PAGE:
Check out a day tour of Caesarea, Haifa and Akko from Jerusalem here.
By Public Transport
Caesarea By Train
If you do want to come on your own and you’re not driving, you can take a train to Binyamina and get a taxi from there.
You may want to arrange for the taxi to pick you up when you’re finished at Caesarea. (Note: I didn’t do this myself so I can’t vouch for this way of getting here.)
Bus to Caesarea
You can take a bus towards Haifa or Tel Aviv and get off at the Or Akiva Interchange, but you’ll have a 20 to 30 minute walk to Caesarea National Park.
How much time do you need at Caesarea?
I’d recommend at least a half day.
Read more about Israel: Attitude at the Mount of Beatitudes: A trip to the Holy Land.
For more information on visiting Israel check out Go Israel, the Israel Tourism Board site.
Disclosure: My visit was subsidized by the Israeli Tourism Board.
Well, thank you very much, World Wide – trust me, I have a lot of crappy photos, too.
I have heard that you are aged over 40, but in this photo “Stone is stone, no matter where it is” you seems like below 30.
And you could take a selfie in the Crusader walls. May be i have seen some peoples have taken selfie there.
Thanks, Joe – Yes, adventure rates high in the travelling world.
Fascinating area of the world. It really is too bad that no one would take a photo of you. Although the photos you did get are great and it looks like it was a wonderful day.
Thanks, Noel – that means a lot from a writer like you.
How did I miss the Roman toilets? I obviously found the modern ones. I could have had my photo there!
Oh, thanks Stacey Jean, travelling with writers is crazy but fun, because everyone brings different interests and specialties to the table.
Hey, Toccara – I’m available for history lessons anytime.
That’s the same feeling I had in Israel, Megan – so much history became real.
A tripod! Yes, Nick & Dariece. I’ll have to get one.
Hi Janice & George, I think she’s lucky to be able to have gone. I’d like to find out more about her. Until now, the only woman I’d heard of who went on one of the Crusades was Eleanor of Aquitaine.
Thanks, Jenna – I feel bad for plaguing those poor writers I was travelling with. They were all good sports though.
Thanks, Two Can Travel – Much appreciated. And I agree, those old walls can talk!
Two Can Travel
I like your writing style! Very amusing throughout, especially at the end :) I totally get what you mean by feeling old walls and thinking about everyone who walked there before you throughout history. It’s so special to learn about history by actually going to where it was made!
Glad you got a photo, even if it wasn’t exactly in the spot you were hoping! It still turned out great at least! :) Sounds like such an interesting spot with a fascinating history. I would love to check it out and explore sometime!!
Yay! You finally got your shot! I love the history of the crusades, for many of the same reasons you speak of. I love adventure, and this was adventure to many people that barely left their home town, let alone another country. Great write up! I enjoyed it immensely!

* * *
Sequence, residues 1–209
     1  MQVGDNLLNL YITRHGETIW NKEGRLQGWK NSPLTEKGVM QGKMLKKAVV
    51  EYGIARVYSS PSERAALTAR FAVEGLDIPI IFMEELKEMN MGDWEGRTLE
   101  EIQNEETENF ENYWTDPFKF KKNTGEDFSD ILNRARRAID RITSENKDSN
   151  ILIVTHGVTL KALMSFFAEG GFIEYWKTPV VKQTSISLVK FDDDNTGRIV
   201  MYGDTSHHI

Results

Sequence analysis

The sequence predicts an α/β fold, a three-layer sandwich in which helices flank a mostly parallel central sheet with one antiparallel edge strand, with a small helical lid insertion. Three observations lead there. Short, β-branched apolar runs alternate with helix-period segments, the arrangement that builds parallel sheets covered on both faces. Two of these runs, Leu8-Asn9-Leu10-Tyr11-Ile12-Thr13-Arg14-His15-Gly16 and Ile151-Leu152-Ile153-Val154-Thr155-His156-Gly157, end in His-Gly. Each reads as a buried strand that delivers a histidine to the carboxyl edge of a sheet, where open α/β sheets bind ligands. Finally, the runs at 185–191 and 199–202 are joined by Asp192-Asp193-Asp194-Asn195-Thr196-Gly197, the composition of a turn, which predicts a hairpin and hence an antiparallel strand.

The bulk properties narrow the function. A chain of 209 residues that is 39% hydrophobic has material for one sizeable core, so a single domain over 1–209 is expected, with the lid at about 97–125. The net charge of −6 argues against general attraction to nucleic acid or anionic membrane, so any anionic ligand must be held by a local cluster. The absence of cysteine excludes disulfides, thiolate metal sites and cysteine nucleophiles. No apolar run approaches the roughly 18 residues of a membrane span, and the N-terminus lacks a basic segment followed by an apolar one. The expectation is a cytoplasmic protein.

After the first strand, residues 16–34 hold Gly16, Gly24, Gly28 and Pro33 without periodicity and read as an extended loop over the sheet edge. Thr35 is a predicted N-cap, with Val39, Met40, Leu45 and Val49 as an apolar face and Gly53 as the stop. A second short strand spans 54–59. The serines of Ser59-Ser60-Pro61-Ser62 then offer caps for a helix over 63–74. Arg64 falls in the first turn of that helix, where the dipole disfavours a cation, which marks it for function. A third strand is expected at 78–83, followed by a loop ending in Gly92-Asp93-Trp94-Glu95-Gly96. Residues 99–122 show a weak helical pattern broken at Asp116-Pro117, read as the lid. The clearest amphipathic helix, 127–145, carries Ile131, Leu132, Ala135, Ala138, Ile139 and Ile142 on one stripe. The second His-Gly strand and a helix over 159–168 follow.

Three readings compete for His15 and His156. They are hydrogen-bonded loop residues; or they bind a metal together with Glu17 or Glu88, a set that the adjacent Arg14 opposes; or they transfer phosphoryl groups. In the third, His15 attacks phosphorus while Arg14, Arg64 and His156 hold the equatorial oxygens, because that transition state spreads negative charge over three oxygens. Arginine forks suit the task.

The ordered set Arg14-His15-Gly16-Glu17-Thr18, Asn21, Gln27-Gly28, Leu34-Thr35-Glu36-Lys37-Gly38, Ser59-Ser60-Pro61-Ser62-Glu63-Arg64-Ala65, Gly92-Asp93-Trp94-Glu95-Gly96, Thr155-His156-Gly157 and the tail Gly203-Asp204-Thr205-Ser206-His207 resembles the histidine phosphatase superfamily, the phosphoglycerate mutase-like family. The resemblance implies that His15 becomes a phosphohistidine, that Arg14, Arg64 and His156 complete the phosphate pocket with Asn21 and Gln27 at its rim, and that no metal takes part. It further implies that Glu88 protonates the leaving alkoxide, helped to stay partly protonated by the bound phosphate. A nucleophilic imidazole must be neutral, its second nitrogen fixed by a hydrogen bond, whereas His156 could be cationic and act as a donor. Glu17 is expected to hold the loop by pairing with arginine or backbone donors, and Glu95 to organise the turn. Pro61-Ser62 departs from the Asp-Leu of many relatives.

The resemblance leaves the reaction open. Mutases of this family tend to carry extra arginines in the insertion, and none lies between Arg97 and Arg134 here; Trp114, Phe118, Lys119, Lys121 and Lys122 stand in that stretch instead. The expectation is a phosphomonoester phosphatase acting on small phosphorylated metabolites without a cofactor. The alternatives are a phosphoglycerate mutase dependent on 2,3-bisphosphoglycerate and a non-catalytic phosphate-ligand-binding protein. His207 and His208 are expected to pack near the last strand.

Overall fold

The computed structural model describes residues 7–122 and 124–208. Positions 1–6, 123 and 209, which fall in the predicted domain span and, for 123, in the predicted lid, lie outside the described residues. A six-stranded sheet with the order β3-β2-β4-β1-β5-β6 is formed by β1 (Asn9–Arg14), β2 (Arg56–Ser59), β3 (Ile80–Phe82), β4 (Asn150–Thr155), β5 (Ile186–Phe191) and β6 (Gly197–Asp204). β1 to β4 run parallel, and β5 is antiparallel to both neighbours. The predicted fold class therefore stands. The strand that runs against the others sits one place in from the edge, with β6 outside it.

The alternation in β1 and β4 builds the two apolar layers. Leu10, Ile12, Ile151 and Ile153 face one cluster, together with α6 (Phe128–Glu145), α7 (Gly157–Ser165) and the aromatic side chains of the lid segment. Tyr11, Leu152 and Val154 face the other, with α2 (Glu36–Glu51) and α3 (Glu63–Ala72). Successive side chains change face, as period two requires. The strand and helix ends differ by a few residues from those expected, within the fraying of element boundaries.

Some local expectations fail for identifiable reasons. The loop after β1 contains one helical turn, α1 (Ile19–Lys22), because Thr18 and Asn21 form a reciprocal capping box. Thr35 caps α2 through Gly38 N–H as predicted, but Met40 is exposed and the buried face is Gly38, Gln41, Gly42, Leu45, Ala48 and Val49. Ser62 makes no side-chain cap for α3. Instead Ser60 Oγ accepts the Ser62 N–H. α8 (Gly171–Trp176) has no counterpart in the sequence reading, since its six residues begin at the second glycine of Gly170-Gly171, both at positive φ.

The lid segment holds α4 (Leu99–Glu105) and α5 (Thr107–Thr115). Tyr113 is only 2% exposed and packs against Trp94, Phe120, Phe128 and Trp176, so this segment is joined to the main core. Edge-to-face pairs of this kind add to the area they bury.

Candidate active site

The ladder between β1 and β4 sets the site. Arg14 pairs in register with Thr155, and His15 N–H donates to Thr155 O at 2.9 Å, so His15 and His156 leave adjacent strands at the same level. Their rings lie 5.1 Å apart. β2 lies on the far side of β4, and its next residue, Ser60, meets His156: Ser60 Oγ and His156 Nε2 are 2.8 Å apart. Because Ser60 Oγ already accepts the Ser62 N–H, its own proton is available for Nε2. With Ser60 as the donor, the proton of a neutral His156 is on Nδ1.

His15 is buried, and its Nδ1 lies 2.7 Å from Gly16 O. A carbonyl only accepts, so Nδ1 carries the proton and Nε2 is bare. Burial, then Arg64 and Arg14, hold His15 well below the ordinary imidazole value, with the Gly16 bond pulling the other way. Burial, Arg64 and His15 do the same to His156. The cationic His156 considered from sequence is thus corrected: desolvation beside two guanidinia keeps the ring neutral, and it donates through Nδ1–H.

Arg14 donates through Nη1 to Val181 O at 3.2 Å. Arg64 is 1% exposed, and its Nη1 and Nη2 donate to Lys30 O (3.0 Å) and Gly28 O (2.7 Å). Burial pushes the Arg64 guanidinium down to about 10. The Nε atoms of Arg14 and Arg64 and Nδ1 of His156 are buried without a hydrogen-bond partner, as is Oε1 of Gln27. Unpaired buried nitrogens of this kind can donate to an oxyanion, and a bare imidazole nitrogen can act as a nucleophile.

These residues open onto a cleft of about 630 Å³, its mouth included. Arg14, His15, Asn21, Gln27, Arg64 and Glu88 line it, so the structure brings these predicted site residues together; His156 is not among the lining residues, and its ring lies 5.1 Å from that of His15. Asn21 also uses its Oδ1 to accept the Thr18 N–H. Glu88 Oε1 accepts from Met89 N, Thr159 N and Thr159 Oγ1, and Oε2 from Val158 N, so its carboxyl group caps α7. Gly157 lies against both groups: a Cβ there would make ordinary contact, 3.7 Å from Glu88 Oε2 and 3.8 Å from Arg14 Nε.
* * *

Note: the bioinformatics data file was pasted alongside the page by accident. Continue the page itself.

Janice & George (@SandInSuitcase)
Gosh, we feel a bit sorry for poor Louis IX’s wife. While he’s out searching for glory, fighting the infidels, she’s stuck tagging along, trying to keep the home fires burning. Anyway, looks like a fascinating trip of Israel :-). And good you got your “stone” photo – embracing life, as always :-).
Nick & Dariece (@GoatsOnTheRoad)
The history in Israel would be incredible to see and to learn about! That’s great that you were invited by the tourism board…but unfortunate that no one would take your photo! haha. You should think about getting a tripod ;) Thanks for all of the tips and advice on what to do and the logistics.
Megan Claire (@mappingmegan)
Wow, all of the history here must be fascinating! I’m sorry you missed out on your photo, though at least you did get one close to it…as you said, stone is stone!!
I would love to get to Israel because I’m so fascinated by history, and I would love to step through the pages of time. It’s so crazy to me to hear the name King Herod outside of the stories of Jesus we learned about in school. Makes it all very real if that makes any sense. He was the king during the time of Jesus right? Or have I completely messed that up?
I laughed at the end with the ‘it’s the back of the park’s toilets’ photos. Liked your analogies with the Crusades throughout the story.
Thanks for the history lesson to go along with your quest to get a photo on the wall. I love the travel guide at the end of the post. Great reference for future visitors to Caesarea! I just might have to make a visit there myself someday!
I am so glad for you that you got your shot – nice photo! And great guide of Caesarea. It will be enormously helpful for people who plan to visit.
I really enjoyed this post. I have never traveled with a group of travel bloggers, but I can easily imagine the scene. I love how you include pertinent travel information at the end. Thank you.
PlanetBlueAdv (Parm) (@ParmieP)
I loved touring Ceasarea. Did you see the roman toilets?
Noel Morata (@emorata)
This was a fantastic tour and history of the area and how it ties to the French King and the crusaders, fascinating story!